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The following comment refers to this/these guideline(s)

Guideline 13

Providing public access to research results

As a rule, researchers make all results available as part of scientific/academic discourse. In specific cases, however, there may be reasons not to make results publicly available (in the narrower sense of publication, but also in a broader sense through other communication channels); this decision must not depend on third parties. Researchers decide autonomously – with due regard for the conventions of the relevant subject area – whether, how and where to disseminate their results. If it has been decided to make results available in the public domain, researchers describe them clearly and in full. Where possible and reasonable, this includes making the research data, materials and information on which the results are based, as well as the methods and software used, available and fully explaining the work processes. Software programmed by researchers themselves is made publicly available along with the source code. Researchers provide full and correct information about their own preliminary work and that of others.


In the interest of transparency and to enable research to be referred to and reused by others, whenever possible researchers make the research data and principal materials on which a publication is based available in recognised archives and repositories in accordance with the FAIR principles (Findable, Accessible, Interoperable, Reusable). Restrictions may apply to public availability in the case of patent applications. If self-developed research software is to be made available to third parties, an appropriate licence is provided.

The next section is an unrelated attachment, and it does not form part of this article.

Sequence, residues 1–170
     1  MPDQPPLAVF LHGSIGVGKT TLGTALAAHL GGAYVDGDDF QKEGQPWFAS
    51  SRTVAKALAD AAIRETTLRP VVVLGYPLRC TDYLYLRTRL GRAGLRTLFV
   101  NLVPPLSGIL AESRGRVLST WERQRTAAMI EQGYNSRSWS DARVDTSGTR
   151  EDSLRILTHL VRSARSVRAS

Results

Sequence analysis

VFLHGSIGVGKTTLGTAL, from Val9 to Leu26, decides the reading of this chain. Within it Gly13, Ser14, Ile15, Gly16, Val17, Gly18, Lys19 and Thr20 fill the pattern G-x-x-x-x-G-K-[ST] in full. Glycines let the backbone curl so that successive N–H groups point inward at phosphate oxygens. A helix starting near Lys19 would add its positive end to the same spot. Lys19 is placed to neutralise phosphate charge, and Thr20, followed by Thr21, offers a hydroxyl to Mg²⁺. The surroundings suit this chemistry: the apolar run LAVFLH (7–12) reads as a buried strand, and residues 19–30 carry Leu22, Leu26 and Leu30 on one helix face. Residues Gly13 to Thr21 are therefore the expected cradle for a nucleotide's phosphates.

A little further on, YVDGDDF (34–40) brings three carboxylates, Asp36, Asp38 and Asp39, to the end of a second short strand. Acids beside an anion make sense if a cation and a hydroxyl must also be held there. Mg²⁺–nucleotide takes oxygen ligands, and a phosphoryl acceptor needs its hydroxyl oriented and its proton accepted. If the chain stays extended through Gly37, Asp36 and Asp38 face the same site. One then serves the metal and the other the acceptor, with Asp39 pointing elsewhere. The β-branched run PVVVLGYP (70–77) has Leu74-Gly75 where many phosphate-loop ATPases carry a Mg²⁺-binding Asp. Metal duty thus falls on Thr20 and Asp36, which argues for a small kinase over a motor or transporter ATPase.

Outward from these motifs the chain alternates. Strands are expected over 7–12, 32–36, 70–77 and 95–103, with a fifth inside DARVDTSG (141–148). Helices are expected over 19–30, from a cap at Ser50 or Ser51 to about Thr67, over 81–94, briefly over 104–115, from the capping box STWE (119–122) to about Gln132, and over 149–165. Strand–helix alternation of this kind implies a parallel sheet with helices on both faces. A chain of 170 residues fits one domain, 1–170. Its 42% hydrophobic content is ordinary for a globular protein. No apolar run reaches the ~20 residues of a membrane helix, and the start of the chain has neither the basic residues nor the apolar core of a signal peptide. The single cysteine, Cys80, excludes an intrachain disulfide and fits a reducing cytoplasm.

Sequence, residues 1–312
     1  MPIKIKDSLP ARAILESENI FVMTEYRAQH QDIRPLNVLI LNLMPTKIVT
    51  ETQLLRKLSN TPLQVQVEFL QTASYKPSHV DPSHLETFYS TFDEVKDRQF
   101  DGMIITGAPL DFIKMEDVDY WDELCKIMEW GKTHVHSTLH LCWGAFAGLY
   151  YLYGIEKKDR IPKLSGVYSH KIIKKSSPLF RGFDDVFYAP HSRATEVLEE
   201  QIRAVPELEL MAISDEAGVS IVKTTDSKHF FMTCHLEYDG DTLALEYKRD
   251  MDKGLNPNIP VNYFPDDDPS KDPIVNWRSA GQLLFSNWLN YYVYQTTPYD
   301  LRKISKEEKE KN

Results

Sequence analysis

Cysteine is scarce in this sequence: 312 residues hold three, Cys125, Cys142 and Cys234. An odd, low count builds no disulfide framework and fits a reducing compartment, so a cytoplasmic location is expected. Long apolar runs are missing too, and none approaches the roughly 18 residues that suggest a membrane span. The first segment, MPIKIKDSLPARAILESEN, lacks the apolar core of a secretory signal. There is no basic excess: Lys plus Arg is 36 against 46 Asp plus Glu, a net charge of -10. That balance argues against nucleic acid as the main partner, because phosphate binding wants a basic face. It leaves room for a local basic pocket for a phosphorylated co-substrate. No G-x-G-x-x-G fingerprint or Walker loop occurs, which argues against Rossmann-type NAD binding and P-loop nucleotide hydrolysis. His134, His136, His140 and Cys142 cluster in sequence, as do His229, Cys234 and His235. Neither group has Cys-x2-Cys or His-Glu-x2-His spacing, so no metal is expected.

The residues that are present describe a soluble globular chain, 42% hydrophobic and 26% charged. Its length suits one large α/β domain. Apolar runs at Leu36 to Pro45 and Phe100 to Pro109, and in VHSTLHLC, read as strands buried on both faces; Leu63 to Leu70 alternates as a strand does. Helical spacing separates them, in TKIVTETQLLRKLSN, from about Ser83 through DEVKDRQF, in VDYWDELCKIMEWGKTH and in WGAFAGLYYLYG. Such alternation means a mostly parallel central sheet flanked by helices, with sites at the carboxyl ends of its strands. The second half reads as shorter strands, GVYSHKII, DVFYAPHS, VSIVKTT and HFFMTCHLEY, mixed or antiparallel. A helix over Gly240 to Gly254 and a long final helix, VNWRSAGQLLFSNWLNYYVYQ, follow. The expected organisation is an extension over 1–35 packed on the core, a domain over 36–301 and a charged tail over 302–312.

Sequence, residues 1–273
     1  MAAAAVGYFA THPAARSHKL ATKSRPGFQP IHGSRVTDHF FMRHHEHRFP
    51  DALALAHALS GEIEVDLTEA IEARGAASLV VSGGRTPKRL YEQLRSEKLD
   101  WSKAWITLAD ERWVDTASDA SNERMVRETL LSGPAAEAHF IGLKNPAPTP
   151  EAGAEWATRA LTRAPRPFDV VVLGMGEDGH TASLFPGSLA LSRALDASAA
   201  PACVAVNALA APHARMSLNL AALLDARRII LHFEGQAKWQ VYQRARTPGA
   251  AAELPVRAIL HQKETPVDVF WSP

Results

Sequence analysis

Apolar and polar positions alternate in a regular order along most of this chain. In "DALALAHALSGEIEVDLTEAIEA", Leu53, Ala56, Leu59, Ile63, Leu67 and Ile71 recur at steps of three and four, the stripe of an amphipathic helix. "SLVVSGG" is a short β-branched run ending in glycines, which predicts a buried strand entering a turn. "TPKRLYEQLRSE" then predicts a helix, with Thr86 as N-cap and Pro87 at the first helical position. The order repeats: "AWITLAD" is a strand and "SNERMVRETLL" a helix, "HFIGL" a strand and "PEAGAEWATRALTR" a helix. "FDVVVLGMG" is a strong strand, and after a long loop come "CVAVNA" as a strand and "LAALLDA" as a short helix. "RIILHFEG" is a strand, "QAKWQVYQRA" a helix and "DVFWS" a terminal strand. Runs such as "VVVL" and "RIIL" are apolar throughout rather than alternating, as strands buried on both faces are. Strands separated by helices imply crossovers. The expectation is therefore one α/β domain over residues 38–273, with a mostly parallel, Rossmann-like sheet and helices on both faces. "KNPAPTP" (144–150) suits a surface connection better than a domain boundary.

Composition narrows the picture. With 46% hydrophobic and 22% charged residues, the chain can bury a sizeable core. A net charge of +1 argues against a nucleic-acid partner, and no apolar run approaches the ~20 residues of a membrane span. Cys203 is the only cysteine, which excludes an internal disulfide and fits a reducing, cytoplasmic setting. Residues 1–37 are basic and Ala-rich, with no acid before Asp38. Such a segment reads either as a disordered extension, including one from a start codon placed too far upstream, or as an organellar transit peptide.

In line with the principle of “quality over quantity”, researchers avoid splitting research into inappropriately small publications. They limit the repetition of content from publications of which they were (co-)authors to that which is necessary to enable the reader to understand the context. They cite results previously made publicly available unless, in exceptional cases, this is deemed unnecessary by the general conventions of the discipline.

Academic publishing as a foundation and area of leverage for research assessment

The DFG has responded to developments in the field of academic publishing with its position paper “Academic Publishing as a Foundation and Area of Leverage for Research Assessment”. In addition to shedding light on problems in the sector of academic publishing, the paper undertakes an analysis of how undesirable developments in the publishing system are linked to a form of assessment of research that is excessively guided by publication metrics. It sets as a key goal the freedom to publish in a manner that is appropriate to science and scholarship: this includes free choice of the medium and venue of publication, the securing of exploitation rights by those publishing, and the ensuring of open access to the published material. The position paper puts forward proposals concerning the reduction of misguiding incentives and a reorientation in the assessment of research. In future, the latter is to be even more strongly geared towards the content of research and diversity in research in terms of people and careers, research questions, output formats and forms of publication. The paper is aimed at all actors in the research system – active researchers, their employers and funding providers.

The comment belongs to the following categories:

GL13 (Statements)